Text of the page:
If you figured out how to trade the markets with a high certainty of profits and limited risk — by definition the job of paid money managers — would you tell anybody how you did it?
If you were an academic, apparently so. As The New York Times recently noted, a couple of finance researchers recently found that you can, in fact, beat the market. No less than 82 studies had been published on ways to do so.
Unsurprisingly, masses of people took their advice. Result: The strategies lost their edge. Performance “decayed” by 35% on average following publication, the researchers said.
The calculations did not take into account the cost-effectiveness or feasibility of the trading ideas. As for the authors, they advise buying index funds and simply attempting to capture a market return at the lowest possible trading cost.
Research is important, but this kind of finding bears out common sense. Money managers such as John Templeton, founder of the Templeton mutual funds, once had an edge in foreign investment; now there are hundreds of foreign investment funds grazing for greener grass, even investing in Mongolia and Burma. Formerly “emerging” markets such as Brazil are today ho-hum for the high-risk crowd.
Likewise, a trader such as George Soros or a growth investor such as T. Rowe Price got to their perches by exploiting lack of information or by investing in assets other money managers shunned due to perceived risk.
Similarly, no money managers today would question a position in technology stocks, but it took Phil Fisher to break that ground in a painstaking, multi-decade way.
The author John Train took up these stories in Money Masters of Our Time, a book published in 2000. It’s a good read full of intelligent advice for investors, the most important of which is hardly spoken out loud: Sometimes, money managers get lucky.
Not “lucky” as in making the right trade at the right moment, but in the sense of their entire money careers.
Was Warren Buffett destined to get rich, or did he simply have the right combination of skills and approach for the time in which he built his name? After all, even he admits to periods in which “the market” doesn’t make sense to him.
Over and over, Train recounts the rise and occasional slide of major money managers. Traders who burn out and retire, such as Fidelity’s Peter Lynch. Traders whose approaches go in and out of style, until suddenly they are 80 and their tack seems to work, once again.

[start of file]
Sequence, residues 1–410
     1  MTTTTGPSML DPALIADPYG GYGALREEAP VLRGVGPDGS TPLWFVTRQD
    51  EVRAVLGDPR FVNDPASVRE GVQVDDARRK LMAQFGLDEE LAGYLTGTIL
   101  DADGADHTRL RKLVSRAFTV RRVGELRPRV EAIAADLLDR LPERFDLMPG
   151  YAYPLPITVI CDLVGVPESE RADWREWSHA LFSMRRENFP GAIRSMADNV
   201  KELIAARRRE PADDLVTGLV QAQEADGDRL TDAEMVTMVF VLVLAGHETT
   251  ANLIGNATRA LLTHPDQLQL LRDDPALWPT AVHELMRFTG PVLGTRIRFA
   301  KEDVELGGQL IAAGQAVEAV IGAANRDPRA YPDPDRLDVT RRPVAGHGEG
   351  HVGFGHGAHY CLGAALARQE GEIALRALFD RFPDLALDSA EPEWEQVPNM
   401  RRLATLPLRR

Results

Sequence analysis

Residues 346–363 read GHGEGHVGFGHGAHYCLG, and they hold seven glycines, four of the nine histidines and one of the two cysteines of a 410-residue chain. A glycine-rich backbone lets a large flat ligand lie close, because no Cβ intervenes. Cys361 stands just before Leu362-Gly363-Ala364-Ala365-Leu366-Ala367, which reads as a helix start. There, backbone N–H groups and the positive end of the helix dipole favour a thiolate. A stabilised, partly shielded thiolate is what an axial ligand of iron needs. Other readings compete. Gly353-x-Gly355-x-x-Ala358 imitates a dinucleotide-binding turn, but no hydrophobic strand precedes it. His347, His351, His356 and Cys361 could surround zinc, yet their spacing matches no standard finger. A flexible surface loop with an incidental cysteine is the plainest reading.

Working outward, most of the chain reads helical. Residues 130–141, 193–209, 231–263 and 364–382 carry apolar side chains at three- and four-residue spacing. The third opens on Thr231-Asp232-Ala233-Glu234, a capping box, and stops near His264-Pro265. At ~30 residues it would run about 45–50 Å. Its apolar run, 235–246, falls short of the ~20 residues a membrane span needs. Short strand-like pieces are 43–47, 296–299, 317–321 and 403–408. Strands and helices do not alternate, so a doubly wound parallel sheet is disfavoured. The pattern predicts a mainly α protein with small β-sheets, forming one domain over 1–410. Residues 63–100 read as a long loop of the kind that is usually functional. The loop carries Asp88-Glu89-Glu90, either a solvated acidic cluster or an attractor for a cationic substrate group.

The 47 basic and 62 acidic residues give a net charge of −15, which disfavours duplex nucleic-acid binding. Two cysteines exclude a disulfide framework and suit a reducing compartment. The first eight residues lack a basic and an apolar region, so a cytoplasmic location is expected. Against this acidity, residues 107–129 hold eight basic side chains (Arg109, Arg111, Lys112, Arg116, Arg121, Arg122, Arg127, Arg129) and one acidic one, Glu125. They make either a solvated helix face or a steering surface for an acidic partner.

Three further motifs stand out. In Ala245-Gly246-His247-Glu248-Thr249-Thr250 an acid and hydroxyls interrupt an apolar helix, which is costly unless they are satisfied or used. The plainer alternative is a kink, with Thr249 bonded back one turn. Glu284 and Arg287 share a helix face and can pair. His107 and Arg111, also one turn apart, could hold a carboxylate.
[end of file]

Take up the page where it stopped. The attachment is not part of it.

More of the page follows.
More than a few admit to the author that the market baffles them at times. Billionaires can spend a decade in cash, happily feeling baffled. Retirement investors cannot.
Some of the chapters are particularly prescient. The big money managers of 2000, at the heights of their careers, openly worried about the size of U.S. debts, both public and private.
Then there’s Ralph Wanger’s small-cap Acorn Fund. Wanger at the time that felt active investors could expect returns of between 12% and 15% annually, according to Train’s account.
Yet he predicts, on page 249, that fund managers such as himself would soon be unemployed:
Index funds, databases: It’s scary. Someday you’ll be able to go to a computer store and pay $80 for a portfolio manager program. You’ll put in everything that’s known, and I’ll be out of business myself. We’re in the middle of a revolution that hasn’t stopped revolving.
To Wanger’s credit, that time indeed came. Rather than a single program (and subsequent pricey updates), it’s software-as-a-service over the Internet. All of “the information,” both financial and economic, flows without user effort.
Great books such as Train’s are like time-travel devices. You can fly back to a dozen years ago and see the world as many smart people saw it, for better or worse. It seems obvious now, for instance, that powerful money management would be sold at a bargain price over the web someday.
It wasn’t obvious then, except maybe to Wanger. Of course, the Internet at the time was comparatively new. Train’s book came out the year AOL bought Time Warner. It was the year the NASDAQ peaked. Eons ago, in Internet time.
As for money management, the takeaway is that you need not be “right” in your current strategy — or even have a strategy — to win. But you have to be willing to roll with the illogic of the markets and take profits where they happen, time and time again.